Organisations are on an innovation treadmill that never stops. As the world has gone digital, customers’ expectations for new experiences, services and functionality have grown exponentially. The clearest examples of this are seen in the yearly smartphone cycles we are now so used to, or the app updates being pushed to our smartphones on a weekly, or even daily basis.
The need to deliver the latest and greatest has become an enterprise-wide issue, with the likes of Amazon releasing new software every 11 seconds to retain its position as a digital leader. Mounting demands from consumers and market pressures from traditional and upcoming competitors means businesses are looking to digitally transform to create a competitive advantage.
However, viewing digital transformation as the end goal can be dangerous for businesses, with Kodak and Blockbuster providing a cautionary tale of what can go wrong when companies take their foot off the pedal. As digital transformation projects reach what appears to be their final destination, organisations become more vulnerable to digitally-native competitors, who are constantly pushing the boundaries and looking at how they can further disrupt the market with something new.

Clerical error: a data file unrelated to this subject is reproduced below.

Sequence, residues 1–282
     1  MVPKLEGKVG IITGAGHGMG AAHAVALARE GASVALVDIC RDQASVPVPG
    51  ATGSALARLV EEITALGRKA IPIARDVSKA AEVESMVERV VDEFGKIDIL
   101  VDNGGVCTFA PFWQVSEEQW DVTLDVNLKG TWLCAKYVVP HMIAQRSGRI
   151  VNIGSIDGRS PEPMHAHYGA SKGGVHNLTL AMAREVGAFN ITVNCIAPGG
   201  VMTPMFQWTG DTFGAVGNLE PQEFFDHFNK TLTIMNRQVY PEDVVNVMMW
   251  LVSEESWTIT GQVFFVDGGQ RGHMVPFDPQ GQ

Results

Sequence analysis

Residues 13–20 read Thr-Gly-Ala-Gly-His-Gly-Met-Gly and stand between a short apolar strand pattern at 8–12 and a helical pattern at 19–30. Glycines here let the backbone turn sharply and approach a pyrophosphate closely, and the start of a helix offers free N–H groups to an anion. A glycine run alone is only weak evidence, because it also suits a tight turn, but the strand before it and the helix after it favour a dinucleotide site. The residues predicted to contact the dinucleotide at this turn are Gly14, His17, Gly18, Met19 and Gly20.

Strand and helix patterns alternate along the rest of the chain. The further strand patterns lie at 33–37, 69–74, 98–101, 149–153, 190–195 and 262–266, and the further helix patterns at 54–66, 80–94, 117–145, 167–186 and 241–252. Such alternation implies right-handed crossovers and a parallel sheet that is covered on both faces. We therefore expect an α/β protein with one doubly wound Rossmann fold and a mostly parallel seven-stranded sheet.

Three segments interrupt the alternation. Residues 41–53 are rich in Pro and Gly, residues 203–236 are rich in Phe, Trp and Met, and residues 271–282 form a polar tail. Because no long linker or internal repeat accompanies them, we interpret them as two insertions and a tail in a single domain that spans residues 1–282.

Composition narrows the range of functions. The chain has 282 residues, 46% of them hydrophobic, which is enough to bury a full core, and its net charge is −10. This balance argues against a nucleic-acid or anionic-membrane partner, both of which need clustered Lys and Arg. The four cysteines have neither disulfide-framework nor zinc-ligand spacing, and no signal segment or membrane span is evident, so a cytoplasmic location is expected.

- Getting to the “how” of digital transformation
- Digital transformation is putting security at risk
- Digital transformation is only as successful as the human experience delivered
As a result, enterprises need to change the way they view transformation, treating it as a constant process instead of an end goal. Perpetual innovation can enable businesses to constantly adapt, evolve and drive forward change within their field and is the ideal state organisations should be striving to reach.
Replacing static infrastructure with cloud platforms
To achieve perpetual innovation, businesses must first move beyond static infrastructure – which is why there’s been such a core focus on migrating to the cloud in recent years. Having a more dynamic, hybrid IT environment is crucial for driving continuous delivery of new products and services, as constant innovation requires a flexible and scalable IT ecosystem that can keep up with the pace of change. Cloud-native architectures built on microservices and containers foster faster development and deployment processes. This gives businesses the building blocks to enable perpetual innovation at the speed customers demand.
However, the complexity introduced by hybrid cloud ecosystems can be problematic for IT teams, who don’t have the visibility to identify the root cause of performance problems impacting end users. It’s impossible for humans to do this manually, so organisations will increasingly turn to AI to help IT teams identify problems, helping to prevent potential outages and mitigate the impact of performance problems on user experience. This helps organisations begin the journey to auto-remediation and, eventually, autonomous cloud operations – balancing the need to innovate quickly against maintaining user experience.